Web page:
Department of State The Secretary of State should work with IAEA and its member states through the Board of Governors to improve the nuclear security program's performance measures by developing baselines and measurable targets. (Recommendation 2)
Closed – Implemented
The Department of State (State) agreed with this recommendation and agreed that more could be done by IAEA to define nuclear security program baselines and targets, especially on activities that are mostly or fully within the IAEA's remit. In its January 2020 letter to GAO, State noted that it would advocate for improved program management within the Division of Nuclear Security and that it would continue to pursue better performance measures during negotiations of future IAEA budgets and planning documents. In July 2021, State officials told us that they would continue to encourage IAEA to apply program management best practices, including comprehensively establishing performance measures, documenting baselines, setting clear goals, and measuring outcomes. State officials also told us that that a State-supported Cost Free Expert was placed within the Division of Nuclear Security in September 2022 to, among other things, assist the program with the development of improved performance measures. In addition, in February 2023, State officials told us that in the most recent IAEA Programme Performance Report for 2020-2021, issued in 2022 and which we reviewed, IAEA added contextual information about its nuclear security program metrics, including quantifiable targets for some program efforts. As a result, IAEA is better positioned to provide member states more useful information about the progress and impact of the agency's nuclear security program activities.
Department of State The Secretary of State should work with IAEA and its member states through the Board of Governors to improve how the Division of Nuclear Security (DNS) reports to member states by consistently including the results of performance measures in at least one of the reports. (Recommendation 3)
Open
The Department of State (State) agreed with this recommendation and its January 2020 letter to GAO it indicated that it is working with the IAEA to improve its reporting. Specifically, State reported that in conjunction with its efforts to address recommendation 2, to improve nuclear security program performance measures, it has seen IAEA's Division of Nuclear Security make improvements in an effort to be more consistent and diligent about providing performance measures and reporting results to IAEA member states. Based on our July 2021 and February 2023 interview with State officials and our review of recent IAEA reporting, there is still no single IAEA report that reports comprehensively on Division of Nuclear Security performance related to all of the Division's established measures. We will review future IAEA reporting, including the 2023 IAEA Nuclear Security Report, to assess the extent to which the reports comprehensively address all of the nuclear security program performance measures. In November 2023, we reviewed IAEA's latest Nuclear Security Report and corresponded with State officials, and determined that no further progress had been made by IAEA to address this recommendation through improved reporting.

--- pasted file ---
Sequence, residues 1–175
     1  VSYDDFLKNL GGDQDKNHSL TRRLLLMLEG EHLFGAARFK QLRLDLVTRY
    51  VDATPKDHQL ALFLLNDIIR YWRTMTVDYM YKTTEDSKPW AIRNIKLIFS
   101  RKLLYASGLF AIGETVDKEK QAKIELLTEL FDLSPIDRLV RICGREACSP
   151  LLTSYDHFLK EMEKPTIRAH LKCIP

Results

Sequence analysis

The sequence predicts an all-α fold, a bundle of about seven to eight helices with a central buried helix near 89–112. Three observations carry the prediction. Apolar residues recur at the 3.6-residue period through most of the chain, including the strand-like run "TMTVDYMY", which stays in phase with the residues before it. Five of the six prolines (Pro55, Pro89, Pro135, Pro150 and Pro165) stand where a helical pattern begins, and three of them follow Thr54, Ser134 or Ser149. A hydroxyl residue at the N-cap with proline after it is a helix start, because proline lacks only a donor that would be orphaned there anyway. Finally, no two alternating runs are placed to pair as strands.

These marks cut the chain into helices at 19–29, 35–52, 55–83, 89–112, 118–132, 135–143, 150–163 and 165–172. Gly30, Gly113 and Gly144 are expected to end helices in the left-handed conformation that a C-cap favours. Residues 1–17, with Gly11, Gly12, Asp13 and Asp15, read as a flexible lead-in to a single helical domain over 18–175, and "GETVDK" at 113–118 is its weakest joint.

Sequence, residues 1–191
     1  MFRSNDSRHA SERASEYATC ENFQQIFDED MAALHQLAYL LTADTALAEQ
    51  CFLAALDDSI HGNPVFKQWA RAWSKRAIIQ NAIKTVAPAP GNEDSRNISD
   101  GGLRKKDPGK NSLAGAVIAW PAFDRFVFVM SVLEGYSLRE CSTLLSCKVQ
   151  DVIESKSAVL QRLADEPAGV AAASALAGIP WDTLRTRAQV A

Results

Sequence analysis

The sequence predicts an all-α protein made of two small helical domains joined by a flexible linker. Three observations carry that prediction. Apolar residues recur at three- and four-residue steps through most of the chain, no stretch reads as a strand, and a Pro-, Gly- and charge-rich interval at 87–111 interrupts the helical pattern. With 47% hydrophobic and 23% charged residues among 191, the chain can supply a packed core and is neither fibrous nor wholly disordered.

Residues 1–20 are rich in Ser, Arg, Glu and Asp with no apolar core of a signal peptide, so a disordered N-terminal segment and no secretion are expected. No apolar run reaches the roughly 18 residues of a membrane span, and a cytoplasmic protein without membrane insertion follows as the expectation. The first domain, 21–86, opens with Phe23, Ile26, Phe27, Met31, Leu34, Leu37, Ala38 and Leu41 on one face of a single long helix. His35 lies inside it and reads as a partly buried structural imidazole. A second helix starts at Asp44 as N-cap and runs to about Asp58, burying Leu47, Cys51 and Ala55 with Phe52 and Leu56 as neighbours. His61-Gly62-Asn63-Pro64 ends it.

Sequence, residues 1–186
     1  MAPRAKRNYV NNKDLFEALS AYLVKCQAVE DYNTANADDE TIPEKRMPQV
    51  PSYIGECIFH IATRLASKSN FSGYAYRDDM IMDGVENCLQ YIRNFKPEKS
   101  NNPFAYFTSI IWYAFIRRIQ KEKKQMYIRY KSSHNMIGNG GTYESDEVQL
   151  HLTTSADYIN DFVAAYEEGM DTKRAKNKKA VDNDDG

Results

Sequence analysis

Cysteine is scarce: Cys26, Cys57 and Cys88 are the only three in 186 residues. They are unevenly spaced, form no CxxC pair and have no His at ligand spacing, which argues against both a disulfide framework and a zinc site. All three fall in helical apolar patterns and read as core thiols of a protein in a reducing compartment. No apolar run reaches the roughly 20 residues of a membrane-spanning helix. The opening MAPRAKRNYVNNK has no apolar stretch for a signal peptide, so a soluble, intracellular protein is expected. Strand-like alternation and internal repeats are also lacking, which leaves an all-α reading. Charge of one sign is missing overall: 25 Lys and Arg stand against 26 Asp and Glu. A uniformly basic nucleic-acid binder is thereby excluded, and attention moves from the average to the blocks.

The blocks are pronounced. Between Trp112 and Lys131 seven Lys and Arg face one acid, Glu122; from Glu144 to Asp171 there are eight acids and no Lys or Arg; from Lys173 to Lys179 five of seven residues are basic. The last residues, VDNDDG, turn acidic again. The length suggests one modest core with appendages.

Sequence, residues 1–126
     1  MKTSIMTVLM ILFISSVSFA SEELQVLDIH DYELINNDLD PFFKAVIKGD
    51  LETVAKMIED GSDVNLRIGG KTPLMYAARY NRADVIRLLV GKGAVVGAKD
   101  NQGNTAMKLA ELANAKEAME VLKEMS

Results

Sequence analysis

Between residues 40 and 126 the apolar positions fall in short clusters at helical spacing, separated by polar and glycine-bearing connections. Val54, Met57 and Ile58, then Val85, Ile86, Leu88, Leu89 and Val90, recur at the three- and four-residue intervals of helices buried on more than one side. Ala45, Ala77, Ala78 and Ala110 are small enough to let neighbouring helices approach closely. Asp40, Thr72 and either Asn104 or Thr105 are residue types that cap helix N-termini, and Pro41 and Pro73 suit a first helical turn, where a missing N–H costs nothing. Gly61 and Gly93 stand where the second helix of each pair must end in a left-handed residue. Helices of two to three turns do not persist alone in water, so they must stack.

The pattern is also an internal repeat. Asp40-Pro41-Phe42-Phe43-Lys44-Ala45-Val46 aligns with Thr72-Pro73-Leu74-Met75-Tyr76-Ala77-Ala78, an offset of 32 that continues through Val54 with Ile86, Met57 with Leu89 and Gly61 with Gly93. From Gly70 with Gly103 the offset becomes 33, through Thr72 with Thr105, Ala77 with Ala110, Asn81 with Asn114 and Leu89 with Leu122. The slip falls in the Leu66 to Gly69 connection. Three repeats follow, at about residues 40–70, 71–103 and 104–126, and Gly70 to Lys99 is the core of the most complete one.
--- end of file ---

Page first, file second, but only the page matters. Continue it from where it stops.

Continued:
Department of State The Secretary of State should work with IAEA and its member states through the Board of Governors to analyze options to stabilize DNS's funding within current fiscal and political constraints to enhance the sustainability of IAEA's nuclear security program. (Recommendation 4)
Open
The Department of State (State) agreed with this recommendation, and in its January 2020 letter to GAO, State noted that the sustainability of the Division of Nuclear Security's budget remains a major area of focus. State noted that many IAEA member states maintain a position of zero real growth in IAEA's budget and are reluctant to reapportion funding to nuclear security activities from other IAEA programs. State reported that it will advocate for priority areas in IAEA budget negotiations, such as nuclear security, to gain a greater share of any agreed budget increases as an alternative to shifting funds from other programs. In July 2021 and February 2023 follow-up interviews with State officials, they identified examples of progress on this recommendation as a result of their efforts, including increased staffing within the Division of Nuclear Security through the IAEA Regular Budget, instead of from Extrabudgetary sources of support. However, State officials acknowledged more could be done to ensure a more predictable and sustainable level of funding for the Division. We will to continue to monitor developments and we will follow-up with State officials in 2023 following the approval of IAEA's budget for 2024 and 2025 at the September 2023 General Conference regarding further progress on this recommendation. We coordinated with State officials in November 2023 and confirmed that no measurable progress had been made at the General Conference or in the 2024/2025 biennial budget to further stabilize DNS funding.
Department of State The Secretary of State should work with IAEA and its member states through the Board of Governors to strengthen the agency's central coordinating role by following key practices for collaboration. (Recommendation 5)
Closed – Implemented
The State Department (State) agreed with this recommendation, and in its January 2020 letter to GAO it generally stated that it is working with IAEA and its member states to improve collaboration among nuclear security stakeholders and strengthen the Agency's central coordinating role. Based on our interview with State officials in July 2021 and our review of IAEA documentation in the fall of 2021, IAEA appears to have placed greater emphasis on promoting its nuclear security coordinating role and has provided more information in recent Agency reporting regarding its coordination efforts, consistent with our recommendation. Some examples in support of this conclusion include higher-quality reporting in IAEA's 2020 and 2021 Nuclear Security Reports regarding coordination efforts both internally and externally compared to the level of reporting by IAEA on these issues during our review; more significant leadership attention within IAEA to promoting the Agency's international coordinating role on nuclear security issues and strengthening its partnerships with other international organizations; and State's plans to support a Cost Free Expert within the Division of Nuclear Security in 2022 who will have a cross cutting responsibility for promoting IAEA's central coordinating role on nuclear security with member states and numerous international organizations.

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Best practicesInternational organizationsNuclear energyNuclear materialsNuclear safetyNuclear securityPerformance measurementProject managementProgram managementRadioactive materialsUranium